being a small landlocked country, more than 70% of land is under forest
coverage. Pristine natural heritage is the wealth of the country which the
Royal Government of Bhutan pledges to maintain minimum of 60% for all time.
Conservation of natural environment is one of the ways to achieve Gross
National Happiness, emphasizing more than Gross Domestic Product. Development
policies are made in Bhutan in accordance with the philosophy of Gross National
Happiness ensuring ecological balanced sustainable development and green
of the ancient names of Bhutan, ‘Menjong Yul’ rightly interprets the
country as land of the medicinal herbs with rich in biodiversity. Bhutan has
been treasuring the natural environment for centuries. Even in the 21st
century, the inhabitants and natural heritage live intact in harmony, passing
it on to future generations. High rugged mountains in the north extending all
the way down to the southern foothill, rich in biodiversity makes Bhutan one of
the top ten ‘Hotspots’ in the world.
Government of Bhutan hosted the Second Asian Ministerial Conference on Tiger
Conservation in association with the World Bank’s Global Tiger Initiative in
October 2012, which the 13 tiger range countries attended. As many tigers
losing their homes due to human effort in deforesting, Bhutan promised to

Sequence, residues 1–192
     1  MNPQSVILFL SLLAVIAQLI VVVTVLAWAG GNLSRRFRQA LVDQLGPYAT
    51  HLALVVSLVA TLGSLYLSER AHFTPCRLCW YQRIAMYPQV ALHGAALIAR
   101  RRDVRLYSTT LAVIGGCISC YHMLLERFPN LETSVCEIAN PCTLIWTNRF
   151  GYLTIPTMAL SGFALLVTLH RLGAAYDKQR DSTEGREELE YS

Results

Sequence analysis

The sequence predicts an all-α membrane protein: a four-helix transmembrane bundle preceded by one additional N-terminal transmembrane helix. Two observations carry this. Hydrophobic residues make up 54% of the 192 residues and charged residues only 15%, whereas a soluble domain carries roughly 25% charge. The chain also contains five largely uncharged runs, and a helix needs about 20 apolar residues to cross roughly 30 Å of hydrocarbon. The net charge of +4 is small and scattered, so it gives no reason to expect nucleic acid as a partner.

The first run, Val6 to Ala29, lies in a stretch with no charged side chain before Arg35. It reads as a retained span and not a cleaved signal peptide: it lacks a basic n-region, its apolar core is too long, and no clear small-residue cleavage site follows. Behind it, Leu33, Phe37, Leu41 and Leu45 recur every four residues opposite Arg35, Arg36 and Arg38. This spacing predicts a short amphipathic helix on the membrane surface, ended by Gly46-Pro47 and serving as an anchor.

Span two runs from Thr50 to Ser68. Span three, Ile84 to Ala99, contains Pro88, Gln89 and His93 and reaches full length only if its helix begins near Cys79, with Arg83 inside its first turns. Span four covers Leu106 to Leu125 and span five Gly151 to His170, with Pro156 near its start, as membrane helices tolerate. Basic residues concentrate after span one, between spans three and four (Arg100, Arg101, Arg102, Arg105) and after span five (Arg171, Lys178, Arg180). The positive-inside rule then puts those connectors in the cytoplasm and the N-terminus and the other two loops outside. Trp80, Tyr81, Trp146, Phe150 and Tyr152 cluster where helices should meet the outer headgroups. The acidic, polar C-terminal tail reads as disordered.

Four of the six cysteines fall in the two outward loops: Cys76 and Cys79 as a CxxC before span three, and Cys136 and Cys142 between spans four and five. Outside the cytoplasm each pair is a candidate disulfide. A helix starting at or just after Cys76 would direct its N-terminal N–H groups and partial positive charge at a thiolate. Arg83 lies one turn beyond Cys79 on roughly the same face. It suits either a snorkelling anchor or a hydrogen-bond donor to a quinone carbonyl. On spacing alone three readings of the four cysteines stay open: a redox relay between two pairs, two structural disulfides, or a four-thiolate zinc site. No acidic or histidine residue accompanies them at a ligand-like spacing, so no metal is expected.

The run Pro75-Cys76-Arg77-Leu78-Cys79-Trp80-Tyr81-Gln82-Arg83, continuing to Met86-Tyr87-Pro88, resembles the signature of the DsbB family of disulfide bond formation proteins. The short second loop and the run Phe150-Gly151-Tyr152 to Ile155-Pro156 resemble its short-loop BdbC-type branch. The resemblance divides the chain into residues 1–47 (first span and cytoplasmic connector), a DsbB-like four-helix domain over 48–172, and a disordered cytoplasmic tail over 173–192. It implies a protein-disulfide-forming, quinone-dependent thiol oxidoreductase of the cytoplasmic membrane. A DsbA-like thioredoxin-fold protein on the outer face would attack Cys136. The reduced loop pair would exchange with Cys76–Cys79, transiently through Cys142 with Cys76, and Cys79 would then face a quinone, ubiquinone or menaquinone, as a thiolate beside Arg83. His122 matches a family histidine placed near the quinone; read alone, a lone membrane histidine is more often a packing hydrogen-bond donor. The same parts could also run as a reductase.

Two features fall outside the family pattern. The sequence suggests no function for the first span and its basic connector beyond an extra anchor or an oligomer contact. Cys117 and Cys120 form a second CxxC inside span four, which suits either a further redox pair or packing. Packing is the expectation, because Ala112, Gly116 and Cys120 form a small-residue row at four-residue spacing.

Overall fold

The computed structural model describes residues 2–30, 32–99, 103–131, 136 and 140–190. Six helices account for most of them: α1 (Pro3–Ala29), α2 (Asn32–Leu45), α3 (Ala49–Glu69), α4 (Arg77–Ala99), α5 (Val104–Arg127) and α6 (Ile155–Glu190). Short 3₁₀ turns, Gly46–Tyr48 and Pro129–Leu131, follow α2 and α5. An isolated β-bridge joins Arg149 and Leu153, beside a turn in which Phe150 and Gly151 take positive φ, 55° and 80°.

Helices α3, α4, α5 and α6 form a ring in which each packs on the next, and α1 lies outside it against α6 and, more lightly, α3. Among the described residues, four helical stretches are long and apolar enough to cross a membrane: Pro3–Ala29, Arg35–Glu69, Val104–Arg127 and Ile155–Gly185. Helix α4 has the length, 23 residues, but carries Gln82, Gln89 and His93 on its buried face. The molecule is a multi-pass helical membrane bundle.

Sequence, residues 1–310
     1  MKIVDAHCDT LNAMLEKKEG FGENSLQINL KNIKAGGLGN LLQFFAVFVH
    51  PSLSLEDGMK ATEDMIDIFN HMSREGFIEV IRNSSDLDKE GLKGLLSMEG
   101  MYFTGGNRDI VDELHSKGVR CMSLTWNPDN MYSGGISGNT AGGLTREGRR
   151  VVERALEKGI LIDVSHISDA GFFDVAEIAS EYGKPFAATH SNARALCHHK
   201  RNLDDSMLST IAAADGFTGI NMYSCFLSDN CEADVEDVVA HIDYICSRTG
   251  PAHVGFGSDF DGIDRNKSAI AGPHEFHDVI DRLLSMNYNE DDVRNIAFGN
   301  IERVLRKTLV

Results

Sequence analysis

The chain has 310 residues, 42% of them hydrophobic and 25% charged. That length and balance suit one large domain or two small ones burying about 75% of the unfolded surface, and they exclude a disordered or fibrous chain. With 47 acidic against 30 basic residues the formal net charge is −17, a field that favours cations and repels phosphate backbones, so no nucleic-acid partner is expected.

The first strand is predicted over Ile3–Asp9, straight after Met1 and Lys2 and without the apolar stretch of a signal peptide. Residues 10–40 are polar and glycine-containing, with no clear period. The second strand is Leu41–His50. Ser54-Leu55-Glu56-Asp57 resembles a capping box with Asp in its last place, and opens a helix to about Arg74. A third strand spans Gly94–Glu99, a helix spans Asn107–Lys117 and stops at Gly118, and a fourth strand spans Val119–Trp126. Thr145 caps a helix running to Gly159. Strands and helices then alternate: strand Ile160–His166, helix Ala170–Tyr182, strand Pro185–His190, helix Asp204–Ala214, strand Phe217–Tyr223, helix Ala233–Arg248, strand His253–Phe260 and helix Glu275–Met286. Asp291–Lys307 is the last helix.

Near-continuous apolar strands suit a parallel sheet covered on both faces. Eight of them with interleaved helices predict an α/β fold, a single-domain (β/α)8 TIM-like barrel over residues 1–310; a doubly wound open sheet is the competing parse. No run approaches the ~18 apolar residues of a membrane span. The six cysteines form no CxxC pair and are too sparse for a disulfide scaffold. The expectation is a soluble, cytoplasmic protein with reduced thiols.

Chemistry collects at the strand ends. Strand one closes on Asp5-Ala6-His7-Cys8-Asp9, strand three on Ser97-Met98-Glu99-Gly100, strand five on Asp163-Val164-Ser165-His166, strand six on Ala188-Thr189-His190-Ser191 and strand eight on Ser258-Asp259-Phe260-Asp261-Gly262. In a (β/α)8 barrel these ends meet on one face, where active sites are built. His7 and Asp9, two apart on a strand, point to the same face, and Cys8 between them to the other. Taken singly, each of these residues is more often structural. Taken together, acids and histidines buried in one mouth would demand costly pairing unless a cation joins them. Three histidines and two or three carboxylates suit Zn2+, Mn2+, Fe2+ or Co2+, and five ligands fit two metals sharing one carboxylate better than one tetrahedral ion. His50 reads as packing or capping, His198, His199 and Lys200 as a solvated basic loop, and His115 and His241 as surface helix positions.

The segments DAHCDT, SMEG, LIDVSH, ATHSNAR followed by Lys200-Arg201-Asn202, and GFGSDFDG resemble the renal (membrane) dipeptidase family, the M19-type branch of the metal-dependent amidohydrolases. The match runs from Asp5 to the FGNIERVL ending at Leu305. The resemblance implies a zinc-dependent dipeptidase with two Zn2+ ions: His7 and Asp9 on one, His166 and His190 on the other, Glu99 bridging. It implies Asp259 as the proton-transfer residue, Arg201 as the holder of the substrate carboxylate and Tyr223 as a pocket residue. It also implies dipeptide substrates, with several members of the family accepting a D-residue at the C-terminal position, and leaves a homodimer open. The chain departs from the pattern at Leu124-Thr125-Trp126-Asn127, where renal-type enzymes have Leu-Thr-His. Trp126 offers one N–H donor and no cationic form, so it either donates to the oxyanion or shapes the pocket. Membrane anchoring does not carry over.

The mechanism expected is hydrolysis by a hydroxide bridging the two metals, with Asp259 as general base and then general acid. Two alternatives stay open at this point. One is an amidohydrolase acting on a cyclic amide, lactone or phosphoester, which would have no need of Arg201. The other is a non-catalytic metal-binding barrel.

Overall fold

preserve the natural environment for them. Tiger is affiliated even with
Bhutanese legend and religion; four animals (Tak- Tiger, Seng – Lion, Chung –
Garuda and Druk – Dragon). These are regarded as protectors of Buddhism.
is also known as ecological paradise with wide range of flora and fauna; Takin,
Tiger, rhododendron, orchids and blue poppy. These flowers and animals are
found in the national parks and sanctuaries. Many of the trekking routes are in
the national parks where one would get to see the flowers and if lucky enough
even animals. About 26.23% of total forest area has been protected as national
parks and wild life sanctuaries. The trekkers may not notice walking through
one of the protected areas and biological corridors.
All the protected areas and wildlife sanctuaries are mainly managed by Ministry of Agriculture and Forest. Royal Society for Protection of Nature manages places for endangered bird species like Phobjikha Valley and Bumdeling for black necked cranes. Bhutan Trust Fund for Environment Conservation also looks after 16,000 square kilometers of protected areas. Most of the national parks and wildlife sanctuaries are inter-connected, at least with biological corridors.